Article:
You don’t need to go to Las Vegas to gamble, all you have to do is bring something of high value to a trade show. Everyone is faced with the common problem of theft on the show floor. That being said, I wanted to share some of the tricks of the trade that we have employed over time to take preventative action:
14. NINJA PHILOSOPHY: Don’t make yourself a target… wear black like a Ninja would. Use a black shrink wrap on all of your materials, so as to embrace the common saying, “out of sight, out of mind.” This may seem obvious, but it is actually a fairly effective deterrent against thieves because they generally want the easy score. Generally, thieves are not terribly motivated and will avoid a lot of extra work when they can easily move on to an easier target.
13. NO PASS ZONE: As simple as this may sound, it works. Rope off your exhibit space when you leave so if someone crosses the line it draws attention to the would-be thief. This also has the added benefit of keeping forklifts, foot traffic and carts from cutting through your exhibit.
12. DUCK DYNASTY METHOD: Use camouflage for your high value items. For instance, if you need an AV case fabricated, you might consider having it built out of wood and don’t label the case AV. People are not used to seeing an AV crate built out of wood. Also, when it is being built, have the builder put some of the corner braces on crooked, so it does not look like a high value item would be inside.
11. BAIT AND SWITCH: Incorrectly label your high value giveaways and your literature… and any other high value items as well. Label the high value giveaways as “literature” and converse to this, label your literature as a “giveaway” (all of this under your black shrink wrap, of course). When the bandits open up to find the spoils of their labor, they are sorely disappointed. This ties in to point number #10 and is an effective deterrent.
10. HIRE MUSCLE: Hire security to stay in your exhibit space 24/7 when you are not present. Keep in mind that security could be the culprit when things go missing. This can be a sufficient deterrent for most would be thieves.
9. PLAY THE ODDS: Reduce the amount of time that valuable items are on the show floor and have the shipment go direct to show or your hotel room (if it is a small shipment), instead of going advance to warehouse. This reduces the number of people that touch it and amount of time that someone could target your items. It also reduces the likelihood of damage.
8. UNSPORTSMANLIKE CONDUCT: Understaffing a show based on the number of attendees can spell disaster on many levels. If there are people swarming around your trade show booth, your staffers are indisposed taking care of conversations they are engaged in, and someone comes by with intent to swipe something, you may have some of your valuables come up missing. Worse yet, if there is not enough staff, you could miss valuable leads that could result in sales for the company.
7. ABANDON SHIP: When you are at a show, make sure to have someone in your exhibit space at all times… especially if you have high value items laying out like iPads, laptops, giveaways, purses and the like. If you are staffing a 10’ space and must leave, make sure that you have your neighbor keep an eye on your exhibit and create a buddy system, if you will.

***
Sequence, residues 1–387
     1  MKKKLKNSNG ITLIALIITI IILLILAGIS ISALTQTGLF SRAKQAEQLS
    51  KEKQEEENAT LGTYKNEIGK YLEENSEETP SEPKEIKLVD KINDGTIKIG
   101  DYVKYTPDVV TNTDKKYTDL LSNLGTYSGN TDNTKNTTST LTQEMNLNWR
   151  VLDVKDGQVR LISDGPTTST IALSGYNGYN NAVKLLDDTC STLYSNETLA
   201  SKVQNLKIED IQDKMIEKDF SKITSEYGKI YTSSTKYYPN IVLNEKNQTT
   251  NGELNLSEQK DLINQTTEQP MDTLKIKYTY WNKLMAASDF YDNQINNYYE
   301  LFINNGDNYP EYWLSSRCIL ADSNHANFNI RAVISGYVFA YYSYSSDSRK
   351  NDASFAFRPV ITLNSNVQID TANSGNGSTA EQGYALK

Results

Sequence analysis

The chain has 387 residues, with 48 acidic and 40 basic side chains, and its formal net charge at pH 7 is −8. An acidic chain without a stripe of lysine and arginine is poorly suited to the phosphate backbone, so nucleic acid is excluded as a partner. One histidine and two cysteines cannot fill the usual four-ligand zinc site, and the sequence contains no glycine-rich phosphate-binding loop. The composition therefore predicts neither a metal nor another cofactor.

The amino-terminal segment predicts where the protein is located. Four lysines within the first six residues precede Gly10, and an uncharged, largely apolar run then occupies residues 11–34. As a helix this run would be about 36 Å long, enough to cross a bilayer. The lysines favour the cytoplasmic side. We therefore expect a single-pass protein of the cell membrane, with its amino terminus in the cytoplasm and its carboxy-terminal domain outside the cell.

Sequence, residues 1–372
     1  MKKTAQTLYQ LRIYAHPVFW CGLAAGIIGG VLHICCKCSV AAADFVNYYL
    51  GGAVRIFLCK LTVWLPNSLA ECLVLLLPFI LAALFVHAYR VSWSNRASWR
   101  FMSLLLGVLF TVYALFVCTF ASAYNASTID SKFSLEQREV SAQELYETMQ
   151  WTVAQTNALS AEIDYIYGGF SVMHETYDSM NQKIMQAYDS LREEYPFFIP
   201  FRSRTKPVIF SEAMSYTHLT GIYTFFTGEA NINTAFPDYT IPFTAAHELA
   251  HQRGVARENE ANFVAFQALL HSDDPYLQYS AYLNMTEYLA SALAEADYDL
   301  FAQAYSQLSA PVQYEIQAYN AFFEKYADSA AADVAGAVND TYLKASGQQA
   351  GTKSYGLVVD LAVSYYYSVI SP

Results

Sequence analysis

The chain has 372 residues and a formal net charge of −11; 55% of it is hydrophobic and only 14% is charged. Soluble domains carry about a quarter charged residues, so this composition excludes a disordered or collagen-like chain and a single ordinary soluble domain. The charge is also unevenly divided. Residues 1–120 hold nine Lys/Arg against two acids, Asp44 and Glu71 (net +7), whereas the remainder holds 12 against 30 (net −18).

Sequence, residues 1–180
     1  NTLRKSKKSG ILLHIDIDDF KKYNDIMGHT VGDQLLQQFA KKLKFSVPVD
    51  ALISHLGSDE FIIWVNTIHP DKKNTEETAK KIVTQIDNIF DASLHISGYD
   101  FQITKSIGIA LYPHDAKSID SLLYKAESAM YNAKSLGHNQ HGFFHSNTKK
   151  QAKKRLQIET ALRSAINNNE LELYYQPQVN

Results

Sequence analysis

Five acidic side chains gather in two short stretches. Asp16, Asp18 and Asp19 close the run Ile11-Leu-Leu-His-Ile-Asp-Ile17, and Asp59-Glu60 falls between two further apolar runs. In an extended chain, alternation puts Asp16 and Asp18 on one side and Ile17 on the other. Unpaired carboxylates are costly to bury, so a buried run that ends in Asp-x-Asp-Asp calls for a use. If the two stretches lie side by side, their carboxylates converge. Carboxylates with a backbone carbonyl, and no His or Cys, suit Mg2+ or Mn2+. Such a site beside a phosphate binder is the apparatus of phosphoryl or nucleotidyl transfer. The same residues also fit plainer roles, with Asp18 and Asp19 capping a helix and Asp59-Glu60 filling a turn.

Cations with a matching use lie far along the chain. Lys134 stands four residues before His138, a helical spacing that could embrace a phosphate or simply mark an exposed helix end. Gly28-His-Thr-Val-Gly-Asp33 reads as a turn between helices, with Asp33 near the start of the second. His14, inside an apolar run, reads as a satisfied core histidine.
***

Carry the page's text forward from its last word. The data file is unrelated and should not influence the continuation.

6. SMOKE SCREENS: At the breaking of the show is when many items get stolen. If you have computers, flat screens, or similar… take them down at the conclusion of the show and put them under your counter until the dismantle is ready to occur.
5. GRAB AND DASH: Blind spots are going to be the target times when thieves come knocking. A blind spot is when you are not present and can’t apprehend the thief. In the evening, take all portable technology with you. It is a pain in the “you know what” to do this, so set the expectation early with your booth staff that this is what they are to do each night.
4. LOCK DOWN: Purchase the appropriate sized AV locking system and attach your flat screen or iPad to the bracket, counter, table, or wall. There are many versions that can be purchased and a simple cable lock can be an effective deterrent against theft. An example of this can be found at www.ddsecurity.com/product/532, and there are many more like it ranging about $45+ and up.
3. SPY VERSUS SPY: If the item you are attempting to protect has a high enough value, you might consider using a tracking device that you can put on the inside housing of the unit. If it is stolen, the police can drive directly to the location where the signal is being emitted from. GPS tags are a great method for tracking high value items; however, they are not as affordable as the other solutions suggested here. Even so, if you have a high value item that must not be stolen, because it is a prototype for instance, it would be a good idea to use a device like this.
2. WHO HAS THE KEY: Not to sound overly obvious, however making sure you have a locking space or cabinet in your exhibit is a great deterrent. Have a locking space in your exhibit space also allows the side benefit of additional storage as well to keep your space clean.
1. MONKEY BUSINESS: Hire a crate monkey. This is exactly what it sounds like, you hire a chimpanzee to hang out in your AV cases and when someone unauthorized opens the crate, then “Ka-powee,” he clubs them with an aluminum bat and the chimp can call the police to do the clean-up. Problem solved. Laughter is the universal elixir for the soul; you can never have enough. Never take life too serious – don’t forget, it’s temporary.
In the final analysis, someone who is bent on stealing from you will find a way. The good news is most thieves are looking for a quick score where they don’t get caught. The tips above allow us to insulate against such individuals.
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